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Breast Cancer Awareness Month October 2023

Published on 

Wednesday, October 18, 2023

Did You Know?

Breast Cancer Awareness Month was first celebrated in October 1985 as partnership between the American Cancer Society and Imperial Chemical Industries (now AstraZeneca).


Chances are you; a family member, close friend or acquaintance has been impacted by breast cancer. October is Breast Cancer Awareness Month. According to the CDC, each year:

  • About 240,000 women in the United States get breast cancer and 42,000 women die from the disease,
  • Men can also get breast cancer, but it is not common. About one out of every one hundred breast cancers diagnoses in the United States is found in a man, and
  • While most breast cancers are found in women who are 50 years old or older, breast cancer also affects younger women.


Why Should You Care?

Even though family history increases the risk of breast cancer, most women diagnosed with breast cancer have no known family history of the disease. Early detection allows for a higher chance of cure. Mammography is used to detect breast cancer and is one of many Preventative Services covered by Medicare.


What Can I Do?


Know Ways to Lower Your Risk for Breast Cancer

The CDC details thing you can do to help lower your risk of breast cancer including:

  • Keep a health weight and exercise regularly,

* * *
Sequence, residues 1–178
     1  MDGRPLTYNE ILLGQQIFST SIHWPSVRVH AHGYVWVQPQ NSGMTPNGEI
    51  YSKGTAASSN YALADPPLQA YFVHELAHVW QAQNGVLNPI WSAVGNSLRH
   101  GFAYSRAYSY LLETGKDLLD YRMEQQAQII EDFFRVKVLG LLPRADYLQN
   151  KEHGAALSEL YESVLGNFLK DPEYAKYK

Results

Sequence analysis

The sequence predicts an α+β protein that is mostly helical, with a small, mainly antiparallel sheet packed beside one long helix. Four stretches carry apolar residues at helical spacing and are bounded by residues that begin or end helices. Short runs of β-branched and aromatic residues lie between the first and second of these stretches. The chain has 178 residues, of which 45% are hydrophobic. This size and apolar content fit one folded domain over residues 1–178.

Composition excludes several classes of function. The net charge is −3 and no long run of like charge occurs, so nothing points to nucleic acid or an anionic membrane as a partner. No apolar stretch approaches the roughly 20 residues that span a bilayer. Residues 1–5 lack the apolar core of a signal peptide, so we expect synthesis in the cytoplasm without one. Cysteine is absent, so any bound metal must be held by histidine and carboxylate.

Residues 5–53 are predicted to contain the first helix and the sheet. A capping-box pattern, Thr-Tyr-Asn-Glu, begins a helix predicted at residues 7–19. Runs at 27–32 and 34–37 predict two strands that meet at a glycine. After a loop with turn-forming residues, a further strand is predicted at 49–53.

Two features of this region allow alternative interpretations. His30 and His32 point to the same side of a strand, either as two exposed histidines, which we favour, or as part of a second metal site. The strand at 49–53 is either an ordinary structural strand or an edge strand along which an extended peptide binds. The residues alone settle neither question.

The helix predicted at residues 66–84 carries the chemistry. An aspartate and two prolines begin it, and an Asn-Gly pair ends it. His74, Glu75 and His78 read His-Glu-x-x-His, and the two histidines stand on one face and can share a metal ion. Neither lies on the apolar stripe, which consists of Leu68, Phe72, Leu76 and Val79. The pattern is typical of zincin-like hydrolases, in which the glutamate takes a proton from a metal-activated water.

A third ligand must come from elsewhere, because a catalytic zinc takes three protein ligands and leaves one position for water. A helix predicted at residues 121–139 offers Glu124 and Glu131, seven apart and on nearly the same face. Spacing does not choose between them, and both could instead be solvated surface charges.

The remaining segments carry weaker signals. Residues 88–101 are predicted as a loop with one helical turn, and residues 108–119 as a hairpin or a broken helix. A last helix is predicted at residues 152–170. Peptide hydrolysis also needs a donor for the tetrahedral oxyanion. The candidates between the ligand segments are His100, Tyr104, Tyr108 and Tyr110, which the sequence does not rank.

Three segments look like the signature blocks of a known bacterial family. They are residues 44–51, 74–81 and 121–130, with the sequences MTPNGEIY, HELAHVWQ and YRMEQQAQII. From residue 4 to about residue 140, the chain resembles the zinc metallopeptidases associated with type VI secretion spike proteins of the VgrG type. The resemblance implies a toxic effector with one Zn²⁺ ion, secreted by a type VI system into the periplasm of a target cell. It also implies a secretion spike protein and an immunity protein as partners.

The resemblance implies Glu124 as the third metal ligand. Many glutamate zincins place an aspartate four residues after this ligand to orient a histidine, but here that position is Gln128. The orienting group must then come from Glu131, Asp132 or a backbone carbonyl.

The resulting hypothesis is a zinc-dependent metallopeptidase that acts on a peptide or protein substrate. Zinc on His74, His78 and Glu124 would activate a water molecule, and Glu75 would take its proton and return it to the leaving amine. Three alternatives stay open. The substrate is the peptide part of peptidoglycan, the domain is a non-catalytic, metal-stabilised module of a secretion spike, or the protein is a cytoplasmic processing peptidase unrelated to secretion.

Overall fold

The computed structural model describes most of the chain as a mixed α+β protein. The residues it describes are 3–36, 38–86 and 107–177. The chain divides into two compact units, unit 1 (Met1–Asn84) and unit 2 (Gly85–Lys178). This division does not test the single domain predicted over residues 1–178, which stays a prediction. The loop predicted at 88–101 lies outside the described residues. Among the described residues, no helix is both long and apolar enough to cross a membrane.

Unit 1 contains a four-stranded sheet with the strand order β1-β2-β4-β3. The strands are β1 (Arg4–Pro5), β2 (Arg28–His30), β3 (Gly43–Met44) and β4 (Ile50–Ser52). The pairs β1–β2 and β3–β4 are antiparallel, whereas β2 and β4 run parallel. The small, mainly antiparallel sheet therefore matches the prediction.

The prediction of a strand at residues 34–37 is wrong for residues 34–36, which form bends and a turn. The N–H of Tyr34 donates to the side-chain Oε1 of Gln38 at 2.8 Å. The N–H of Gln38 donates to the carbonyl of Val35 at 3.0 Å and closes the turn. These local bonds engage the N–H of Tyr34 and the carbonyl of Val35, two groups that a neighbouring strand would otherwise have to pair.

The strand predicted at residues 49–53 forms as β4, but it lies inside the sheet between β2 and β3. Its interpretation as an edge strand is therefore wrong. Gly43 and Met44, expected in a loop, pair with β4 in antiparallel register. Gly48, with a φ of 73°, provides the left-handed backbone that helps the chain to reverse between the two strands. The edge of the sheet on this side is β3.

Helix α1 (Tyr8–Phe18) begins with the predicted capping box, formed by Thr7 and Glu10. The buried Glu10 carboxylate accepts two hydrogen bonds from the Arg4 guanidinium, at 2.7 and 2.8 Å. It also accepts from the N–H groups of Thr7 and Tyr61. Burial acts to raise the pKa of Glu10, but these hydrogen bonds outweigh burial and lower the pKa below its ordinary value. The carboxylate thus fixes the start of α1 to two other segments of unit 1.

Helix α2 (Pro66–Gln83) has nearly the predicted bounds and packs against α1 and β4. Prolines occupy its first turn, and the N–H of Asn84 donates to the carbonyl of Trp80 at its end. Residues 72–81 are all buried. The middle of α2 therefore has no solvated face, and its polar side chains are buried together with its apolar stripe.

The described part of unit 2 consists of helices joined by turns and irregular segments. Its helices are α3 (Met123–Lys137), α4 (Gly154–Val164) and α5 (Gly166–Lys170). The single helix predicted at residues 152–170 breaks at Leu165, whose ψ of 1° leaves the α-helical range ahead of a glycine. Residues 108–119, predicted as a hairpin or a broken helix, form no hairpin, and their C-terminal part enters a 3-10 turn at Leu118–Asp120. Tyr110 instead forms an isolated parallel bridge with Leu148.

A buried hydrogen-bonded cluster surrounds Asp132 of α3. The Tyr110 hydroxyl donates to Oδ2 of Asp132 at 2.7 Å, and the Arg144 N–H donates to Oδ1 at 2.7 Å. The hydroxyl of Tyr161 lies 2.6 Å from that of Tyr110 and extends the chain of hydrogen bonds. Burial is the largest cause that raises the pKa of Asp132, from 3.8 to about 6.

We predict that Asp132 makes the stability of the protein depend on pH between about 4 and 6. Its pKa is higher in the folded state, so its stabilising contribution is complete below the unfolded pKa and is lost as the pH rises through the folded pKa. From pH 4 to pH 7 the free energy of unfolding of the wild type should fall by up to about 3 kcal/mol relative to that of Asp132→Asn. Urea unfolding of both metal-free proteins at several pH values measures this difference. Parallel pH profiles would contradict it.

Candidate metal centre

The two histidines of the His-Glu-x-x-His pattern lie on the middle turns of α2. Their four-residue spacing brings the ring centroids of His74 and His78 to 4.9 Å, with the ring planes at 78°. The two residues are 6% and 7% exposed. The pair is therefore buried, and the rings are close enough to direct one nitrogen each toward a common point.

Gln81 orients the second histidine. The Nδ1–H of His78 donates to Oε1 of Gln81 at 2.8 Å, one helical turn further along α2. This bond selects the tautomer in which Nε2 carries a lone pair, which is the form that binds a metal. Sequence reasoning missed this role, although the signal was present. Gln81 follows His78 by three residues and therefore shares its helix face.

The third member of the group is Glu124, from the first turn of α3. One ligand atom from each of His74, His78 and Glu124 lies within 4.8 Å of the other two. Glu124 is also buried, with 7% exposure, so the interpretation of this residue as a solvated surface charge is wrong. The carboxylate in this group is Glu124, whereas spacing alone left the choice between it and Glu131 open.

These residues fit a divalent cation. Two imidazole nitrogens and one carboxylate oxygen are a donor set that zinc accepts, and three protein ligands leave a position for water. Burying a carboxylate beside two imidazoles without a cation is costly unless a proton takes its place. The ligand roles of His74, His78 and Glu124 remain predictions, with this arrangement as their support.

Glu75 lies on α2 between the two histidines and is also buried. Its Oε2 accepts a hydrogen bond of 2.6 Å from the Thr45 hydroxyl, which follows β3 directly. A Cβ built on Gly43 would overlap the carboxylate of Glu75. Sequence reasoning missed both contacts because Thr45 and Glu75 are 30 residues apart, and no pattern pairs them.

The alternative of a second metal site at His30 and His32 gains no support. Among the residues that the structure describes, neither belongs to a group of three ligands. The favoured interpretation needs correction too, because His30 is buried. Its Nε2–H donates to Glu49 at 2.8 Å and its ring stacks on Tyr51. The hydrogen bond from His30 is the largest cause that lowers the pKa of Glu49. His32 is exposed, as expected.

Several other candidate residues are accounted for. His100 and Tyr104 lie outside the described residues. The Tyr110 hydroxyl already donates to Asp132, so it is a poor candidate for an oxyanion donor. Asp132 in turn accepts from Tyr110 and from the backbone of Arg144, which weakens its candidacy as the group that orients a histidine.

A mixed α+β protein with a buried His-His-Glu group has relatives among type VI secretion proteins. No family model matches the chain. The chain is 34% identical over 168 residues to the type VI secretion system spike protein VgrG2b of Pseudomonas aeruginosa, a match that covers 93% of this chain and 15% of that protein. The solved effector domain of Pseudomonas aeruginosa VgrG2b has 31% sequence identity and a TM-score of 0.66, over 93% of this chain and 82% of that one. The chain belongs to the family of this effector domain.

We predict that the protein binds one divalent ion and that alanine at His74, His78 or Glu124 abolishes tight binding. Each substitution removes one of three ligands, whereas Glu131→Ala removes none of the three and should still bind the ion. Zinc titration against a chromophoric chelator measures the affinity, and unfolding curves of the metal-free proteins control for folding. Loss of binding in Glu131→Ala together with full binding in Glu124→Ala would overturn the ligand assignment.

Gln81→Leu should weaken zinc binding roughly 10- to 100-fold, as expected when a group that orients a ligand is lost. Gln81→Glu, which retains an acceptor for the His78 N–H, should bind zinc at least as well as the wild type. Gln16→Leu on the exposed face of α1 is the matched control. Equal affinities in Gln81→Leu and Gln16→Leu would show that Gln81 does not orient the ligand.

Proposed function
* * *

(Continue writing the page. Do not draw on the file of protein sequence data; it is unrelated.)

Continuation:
• Choose not to drink alcohol, or drink alcohol in moderation,
  • If you are taking hormone replacement therapy or birth control pills, ask your doctor about the risks, and
  • Breastfeed your children, if possible.


    Know the Warning Signs of Breast Cancer

    While there are different symptoms of breast cancer, and some people have no symptoms at all, symptoms can include:

  • Any change in the size or shape of the breast,
  • Pain in any area of the breast,
  • Nipple discharge other than breast mild (including blood),
  • A new lump in the breast or underarm, thickening or swelling or part of the breast,
  • Irritation or dimpling of the breast,
  • Redness or flaky skin in the nipple area of the breast.


Be Your Own Patient Advocate

If you have any signs or symptoms that worry you, follow-up with a health care provider as soon as possible.


Talk to your health care provider about when and how often to get a screening mammogram. If you are worried about the cost, the CDC’s National Breast Cancer Early Detection Program (NBCCEDP) ( provides breast and cervical cancer screenings and diagnostic services to women who have low incomes and are uninsured or underinsured.

Article Author: Beth Cobb, RN, BSN, ACM, CCDS
Beth Cobb, RN, BSN, ACM, CCDS, is the Manager of Clinical Analytics at Medical Management Plus, Inc. Beth has over twenty-five years of experience in healthcare including eleven years in Case Management at a large multi-facility health system. In her current position, Beth is a principle writer for MMP’s Wednesday@One weekly e-newsletter, an active member of our HIPAA Compliance Committee, MMP’s Education Department Program Director and co-developer of MMP’s proprietary Compliance Protection Assessment Tool.

This material was compiled to share information.  MMP, Inc. is not offering legal advice. Every reasonable effort has been taken to ensure the information is accurate and useful.